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RESEARCH PAPERS

3-D Microscopic Measurement and Analysis of Chemical Flow and Transport in Porous Media

[+] Author and Article Information
Mehdi Rashidi

Laboratories for Cooperative Applied Physics, Environmental Programs Directorate, Lawrence Livermore National Laboratory, University of California, Livermore, CA 94550

Andrew Tompson, Tom Kulp, Loni Peurrung

Environmental Programs Directorate, Lawrence Livermore National Laboratory, University of California, Livermore, CA 94550

J. Fluids Eng 118(3), 470-480 (Sep 01, 1996) (11 pages) doi:10.1115/1.2817782 History: Received January 16, 1995; Revised April 15, 1996; Online December 04, 2007

Abstract

Chemical flow and transport have been studied at the pore-scale in an experimental porous medium. Measurements have been taken using a novel nonintrusive fluorescence imaging technique. The experimental setup consists of a cylindrical column carved out of a clear plastic block, packed with clear beads of the same material. A refractive index-matched fluid was pumped under laminar, slow-flow conditions through the column. The fluid was seeded with tracer particles or a solute organic dye for flow and chemical transport measurements, respectively. The system is automated to image through the porous medium for collecting microscopic values of velocity, concentration, and pore geometry at high-accuracy and high-resolution. Various geometric, flow, and transport quantities have been obtained in a full three-dimensional volume within the porous medium. These include microscopic (pore-scale) medium geometry, velocity and concentration fields, dispersive solute fluxes, and reasonable estimates of a representative elementary volume (REV) for the porous medium. The results indicate that the range of allowable REV sizes, as measured from averaged velocity, concentration, and pore volume data, varies among the different quantities, however, a common overlapping range, valid for all quantities, can be determined. For our system, this common REV has been estimated to be about two orders of magnitude larger than the medium’s particle volume. Furthermore, correlation results show an increase in correlation of mean-removed velocity and concentration values near the concentration front in our experiments. These results have been confirmed via 3-D plots of concentration, velocity, pore geometry, and microscopic flux distributions in these regions.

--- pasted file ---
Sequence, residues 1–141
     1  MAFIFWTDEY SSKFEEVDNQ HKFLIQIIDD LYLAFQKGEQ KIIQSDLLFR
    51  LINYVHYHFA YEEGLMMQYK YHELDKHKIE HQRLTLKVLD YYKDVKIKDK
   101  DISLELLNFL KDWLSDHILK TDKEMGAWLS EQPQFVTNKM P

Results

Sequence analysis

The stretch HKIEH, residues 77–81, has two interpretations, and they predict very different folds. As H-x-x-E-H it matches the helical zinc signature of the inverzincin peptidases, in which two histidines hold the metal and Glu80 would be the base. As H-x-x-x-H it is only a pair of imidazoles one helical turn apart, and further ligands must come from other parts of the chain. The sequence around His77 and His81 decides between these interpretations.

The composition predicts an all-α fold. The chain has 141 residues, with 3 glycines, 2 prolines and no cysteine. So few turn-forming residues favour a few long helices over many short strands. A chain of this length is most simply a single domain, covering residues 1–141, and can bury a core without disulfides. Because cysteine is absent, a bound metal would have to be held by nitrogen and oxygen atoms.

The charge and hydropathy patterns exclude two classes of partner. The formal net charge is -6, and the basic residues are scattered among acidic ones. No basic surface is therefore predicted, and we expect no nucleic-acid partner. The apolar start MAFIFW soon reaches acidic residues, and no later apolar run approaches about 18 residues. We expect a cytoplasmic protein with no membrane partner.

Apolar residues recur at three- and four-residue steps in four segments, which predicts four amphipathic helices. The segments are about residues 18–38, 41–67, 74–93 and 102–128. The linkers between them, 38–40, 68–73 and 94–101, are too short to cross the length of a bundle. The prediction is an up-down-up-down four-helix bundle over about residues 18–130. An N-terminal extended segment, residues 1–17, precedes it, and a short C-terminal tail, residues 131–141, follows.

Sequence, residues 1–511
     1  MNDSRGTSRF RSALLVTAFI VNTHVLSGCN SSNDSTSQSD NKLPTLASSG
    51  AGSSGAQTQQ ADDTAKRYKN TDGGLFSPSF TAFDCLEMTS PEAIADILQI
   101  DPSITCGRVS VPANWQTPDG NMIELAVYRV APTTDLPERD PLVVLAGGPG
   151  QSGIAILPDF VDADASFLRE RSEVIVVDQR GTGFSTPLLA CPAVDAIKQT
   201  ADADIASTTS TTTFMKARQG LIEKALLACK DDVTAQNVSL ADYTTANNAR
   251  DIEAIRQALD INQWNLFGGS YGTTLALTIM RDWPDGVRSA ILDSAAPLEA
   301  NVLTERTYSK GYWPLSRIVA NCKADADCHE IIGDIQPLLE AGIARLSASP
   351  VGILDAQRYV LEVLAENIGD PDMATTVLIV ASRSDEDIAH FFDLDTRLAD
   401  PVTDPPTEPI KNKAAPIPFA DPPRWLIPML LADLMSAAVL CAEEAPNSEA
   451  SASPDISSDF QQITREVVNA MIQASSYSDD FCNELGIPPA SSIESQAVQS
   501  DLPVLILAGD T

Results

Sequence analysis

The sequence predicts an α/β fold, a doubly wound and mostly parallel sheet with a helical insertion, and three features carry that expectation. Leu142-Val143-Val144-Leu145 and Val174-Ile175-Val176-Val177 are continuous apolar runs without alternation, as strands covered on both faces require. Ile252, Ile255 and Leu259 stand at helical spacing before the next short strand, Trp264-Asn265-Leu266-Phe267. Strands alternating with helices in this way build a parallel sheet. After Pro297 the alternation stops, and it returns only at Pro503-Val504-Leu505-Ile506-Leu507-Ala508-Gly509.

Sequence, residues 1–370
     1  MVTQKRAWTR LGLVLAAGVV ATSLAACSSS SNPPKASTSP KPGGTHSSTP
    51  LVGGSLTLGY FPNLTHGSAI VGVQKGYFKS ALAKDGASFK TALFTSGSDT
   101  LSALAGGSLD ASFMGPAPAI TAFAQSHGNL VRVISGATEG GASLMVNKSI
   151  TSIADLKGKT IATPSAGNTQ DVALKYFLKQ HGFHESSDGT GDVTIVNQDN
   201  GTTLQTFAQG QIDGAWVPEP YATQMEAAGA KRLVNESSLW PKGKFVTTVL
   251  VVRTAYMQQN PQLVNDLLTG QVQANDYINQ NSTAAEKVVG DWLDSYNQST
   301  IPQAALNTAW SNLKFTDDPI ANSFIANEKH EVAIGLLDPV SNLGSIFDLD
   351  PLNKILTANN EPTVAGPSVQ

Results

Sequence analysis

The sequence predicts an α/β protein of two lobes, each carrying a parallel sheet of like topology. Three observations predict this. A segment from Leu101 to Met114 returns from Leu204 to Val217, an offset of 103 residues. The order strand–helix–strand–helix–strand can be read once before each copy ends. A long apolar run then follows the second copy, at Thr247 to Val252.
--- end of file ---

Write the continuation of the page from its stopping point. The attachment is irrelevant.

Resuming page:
Copyright © 1996 by The American Society of Mechanical Engineers
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